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Wetting of mixed layers on Pt(111)
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10.1063/1.2830266
/content/aip/journal/jcp/128/7/10.1063/1.2830266
http://aip.metastore.ingenta.com/content/aip/journal/jcp/128/7/10.1063/1.2830266
View: Figures

Figures

Image of FIG. 1.
FIG. 1.

Schematic showing the structure of the mixed layer (Refs. 26, 27, and 40) (top) and a hypothetical commensurate water layer on Pt(111) (Ref. 15) (bottom). The mixed structure has O coplanar, whereas the water structure is buckled into a bilayer, with alternate waters bonded to Pt via O and linked by hydrogen bonds to water in the upper half of the bilayer. The upper layer is shown (arbitrarily) with the uncoordinated H atoms pointing into the vacuum.

Image of FIG. 2.
FIG. 2.

Desorption of a submonolayer dose of chloroform on top of (a) pure crystalline ice and (b) water adsorbed on the mixed layer. The ice films were formed by adsorption at .

Image of FIG. 3.
FIG. 3.

Comparison of chloroform desorption from ice films of different thicknesses prepared by desorption of an 80 ML film at (solid dark lines) with ice films of similar coverage formed by growth at (broken lines).

Image of FIG. 4.
FIG. 4.

Comparison of the morphology of ice multilayers of different thicknesses as determined by chloroform TPD. Solid symbols and lines are for ice films grown at and the open symbols and dashed lines for films formed by desorption of an 80 layer ASW film at . The relative intensity of the chloroform peaks has been normalized to 1 and the lines are drawn to guide the eye. (a) Clean Pt(111) showing the signal due to the monolayer (, , and peaks), multilayer ( peak) and pores ( peak). (b) Adsorption on the structure showing the signal due to the monolayer ( and peaks). The solid triangles show the disappearance of the monolayer during ASW growth at .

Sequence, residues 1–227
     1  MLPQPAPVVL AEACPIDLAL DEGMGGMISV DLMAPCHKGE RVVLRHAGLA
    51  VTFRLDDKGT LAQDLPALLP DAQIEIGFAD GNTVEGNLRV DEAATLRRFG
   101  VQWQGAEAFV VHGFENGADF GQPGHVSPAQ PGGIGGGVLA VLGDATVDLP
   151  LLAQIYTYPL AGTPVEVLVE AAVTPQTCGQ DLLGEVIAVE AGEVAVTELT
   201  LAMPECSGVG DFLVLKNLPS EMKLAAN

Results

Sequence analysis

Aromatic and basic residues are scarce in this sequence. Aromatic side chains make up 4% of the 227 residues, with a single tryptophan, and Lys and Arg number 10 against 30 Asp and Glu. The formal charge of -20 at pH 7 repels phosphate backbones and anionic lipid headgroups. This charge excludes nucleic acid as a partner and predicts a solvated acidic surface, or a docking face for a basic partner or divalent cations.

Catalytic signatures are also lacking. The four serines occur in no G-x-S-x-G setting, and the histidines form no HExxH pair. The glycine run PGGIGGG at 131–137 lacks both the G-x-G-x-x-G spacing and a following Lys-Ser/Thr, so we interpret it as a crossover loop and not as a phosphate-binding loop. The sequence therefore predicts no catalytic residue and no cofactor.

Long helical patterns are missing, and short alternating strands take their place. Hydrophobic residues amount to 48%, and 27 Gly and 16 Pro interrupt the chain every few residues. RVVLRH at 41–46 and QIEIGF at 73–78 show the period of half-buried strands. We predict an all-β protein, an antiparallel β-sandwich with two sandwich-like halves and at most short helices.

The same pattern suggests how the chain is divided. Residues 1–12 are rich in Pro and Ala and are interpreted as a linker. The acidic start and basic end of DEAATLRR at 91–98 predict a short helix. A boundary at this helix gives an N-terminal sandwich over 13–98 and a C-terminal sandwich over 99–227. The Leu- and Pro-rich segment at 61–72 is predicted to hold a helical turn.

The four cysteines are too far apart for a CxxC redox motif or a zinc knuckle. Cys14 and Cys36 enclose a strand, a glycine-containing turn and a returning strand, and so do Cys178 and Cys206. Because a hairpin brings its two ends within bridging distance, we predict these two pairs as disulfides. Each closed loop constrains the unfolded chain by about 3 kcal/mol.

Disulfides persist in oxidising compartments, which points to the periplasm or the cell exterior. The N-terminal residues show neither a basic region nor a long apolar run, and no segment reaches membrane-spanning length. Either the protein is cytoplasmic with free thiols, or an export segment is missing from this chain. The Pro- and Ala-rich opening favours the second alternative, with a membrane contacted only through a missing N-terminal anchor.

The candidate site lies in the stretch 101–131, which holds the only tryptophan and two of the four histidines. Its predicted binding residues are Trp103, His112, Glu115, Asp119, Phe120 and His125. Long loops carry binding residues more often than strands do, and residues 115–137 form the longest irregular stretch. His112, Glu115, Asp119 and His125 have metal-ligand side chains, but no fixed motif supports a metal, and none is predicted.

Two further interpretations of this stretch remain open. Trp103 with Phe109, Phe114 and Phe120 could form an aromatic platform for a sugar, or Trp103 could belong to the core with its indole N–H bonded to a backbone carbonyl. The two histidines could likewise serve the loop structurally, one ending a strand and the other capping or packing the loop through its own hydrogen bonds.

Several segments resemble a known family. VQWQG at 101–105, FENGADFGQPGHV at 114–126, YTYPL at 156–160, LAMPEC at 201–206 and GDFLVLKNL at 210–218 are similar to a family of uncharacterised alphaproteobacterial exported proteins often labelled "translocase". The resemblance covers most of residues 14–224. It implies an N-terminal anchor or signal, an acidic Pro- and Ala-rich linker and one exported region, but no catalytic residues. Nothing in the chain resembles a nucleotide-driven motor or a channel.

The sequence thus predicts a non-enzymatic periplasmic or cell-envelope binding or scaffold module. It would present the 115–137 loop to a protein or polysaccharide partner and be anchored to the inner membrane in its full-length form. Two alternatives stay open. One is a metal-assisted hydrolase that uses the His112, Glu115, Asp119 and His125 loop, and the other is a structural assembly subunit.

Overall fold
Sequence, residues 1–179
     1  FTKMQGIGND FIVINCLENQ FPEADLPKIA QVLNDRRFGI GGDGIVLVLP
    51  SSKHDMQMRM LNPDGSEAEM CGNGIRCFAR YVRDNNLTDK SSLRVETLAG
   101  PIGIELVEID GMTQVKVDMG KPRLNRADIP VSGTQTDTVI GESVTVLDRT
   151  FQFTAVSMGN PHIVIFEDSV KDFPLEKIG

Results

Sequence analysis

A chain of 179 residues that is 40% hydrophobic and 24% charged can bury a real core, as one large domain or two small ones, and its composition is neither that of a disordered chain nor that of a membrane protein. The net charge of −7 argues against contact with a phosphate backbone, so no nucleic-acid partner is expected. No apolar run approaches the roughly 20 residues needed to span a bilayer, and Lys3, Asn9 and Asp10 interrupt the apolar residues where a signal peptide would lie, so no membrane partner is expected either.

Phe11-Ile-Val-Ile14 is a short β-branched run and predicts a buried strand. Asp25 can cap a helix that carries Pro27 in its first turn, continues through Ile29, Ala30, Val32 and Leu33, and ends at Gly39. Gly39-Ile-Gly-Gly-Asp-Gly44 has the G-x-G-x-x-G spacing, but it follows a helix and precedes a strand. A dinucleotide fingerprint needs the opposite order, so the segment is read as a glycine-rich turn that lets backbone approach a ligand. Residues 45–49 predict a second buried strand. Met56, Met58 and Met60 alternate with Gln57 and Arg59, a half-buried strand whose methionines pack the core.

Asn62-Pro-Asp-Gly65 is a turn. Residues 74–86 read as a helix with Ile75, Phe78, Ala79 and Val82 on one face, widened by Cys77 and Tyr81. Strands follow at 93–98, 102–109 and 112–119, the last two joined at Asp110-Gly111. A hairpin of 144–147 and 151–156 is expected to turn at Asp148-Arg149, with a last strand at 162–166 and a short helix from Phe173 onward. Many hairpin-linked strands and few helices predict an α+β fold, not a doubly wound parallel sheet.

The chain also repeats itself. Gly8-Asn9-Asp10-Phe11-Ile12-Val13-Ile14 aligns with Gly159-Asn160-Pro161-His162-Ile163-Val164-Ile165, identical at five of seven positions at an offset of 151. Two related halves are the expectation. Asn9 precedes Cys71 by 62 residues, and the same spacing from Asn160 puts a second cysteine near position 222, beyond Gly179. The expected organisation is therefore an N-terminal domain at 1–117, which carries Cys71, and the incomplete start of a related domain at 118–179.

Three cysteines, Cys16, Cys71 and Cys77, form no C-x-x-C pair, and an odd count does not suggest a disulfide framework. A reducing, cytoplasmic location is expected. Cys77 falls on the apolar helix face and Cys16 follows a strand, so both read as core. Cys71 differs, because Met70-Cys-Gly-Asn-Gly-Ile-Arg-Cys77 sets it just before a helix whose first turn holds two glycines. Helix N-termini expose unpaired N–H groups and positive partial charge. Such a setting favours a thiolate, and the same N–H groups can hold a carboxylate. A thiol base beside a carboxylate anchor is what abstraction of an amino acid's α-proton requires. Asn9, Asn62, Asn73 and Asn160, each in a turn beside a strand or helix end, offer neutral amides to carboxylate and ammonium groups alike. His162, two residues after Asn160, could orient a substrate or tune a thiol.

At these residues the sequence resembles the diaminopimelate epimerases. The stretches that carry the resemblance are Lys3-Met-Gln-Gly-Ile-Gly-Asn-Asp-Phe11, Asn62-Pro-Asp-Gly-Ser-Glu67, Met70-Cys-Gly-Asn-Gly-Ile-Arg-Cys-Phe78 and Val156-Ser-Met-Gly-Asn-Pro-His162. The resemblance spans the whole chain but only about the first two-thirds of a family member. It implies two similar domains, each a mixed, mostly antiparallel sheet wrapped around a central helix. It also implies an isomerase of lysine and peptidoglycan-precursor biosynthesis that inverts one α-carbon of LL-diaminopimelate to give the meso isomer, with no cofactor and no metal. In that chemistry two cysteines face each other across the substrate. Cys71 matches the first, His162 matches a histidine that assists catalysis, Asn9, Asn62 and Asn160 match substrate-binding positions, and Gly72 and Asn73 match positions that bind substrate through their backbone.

Image of FIG. 5.
FIG. 5.

(a) Morphology of the ice surface following growth of 5 ML ice at different temperatures showing the intensity of the chloroform features associated with different structures. (b) Water TPD traces for 5 ML ice as a function of the growth temperature. Desorption is stabilized by formation of large clusters when the ice film is grown at higher temperatures.

Image of FIG. 6.
FIG. 6.

Thermal desorption of 3 ML of water from clean Pt(111) (dashed line) and from a mixed layer containing different amounts of OH. Heating rate is .

Image of FIG. 7.
FIG. 7.

(a) Isothermal desorption of 32 ML of water from clean Pt(111) and a Pt(111) layer at . (b) The lower frame shows the effect of varying the thickness of ice adsorbed on the structure on the isothermal desorption traces.

Image of FIG. 8.
FIG. 8.

DFT structures for water adsorbed on top of the structure. (a) a commensurate layer, (b) water on top of an layer with 25% excess water replacing OH, and (c) a hexamer adsorbed on the structure.

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/content/aip/journal/jcp/128/7/10.1063/1.2830266
2008-02-15
2014-04-18
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752b84549af89a08dbdd7fdb8b9568b5 journal.articlezxybnytfddd
Scitation: Wetting of mixed OH∕H2O layers on Pt(111)
http://aip.metastore.ingenta.com/content/aip/journal/jcp/128/7/10.1063/1.2830266
10.1063/1.2830266
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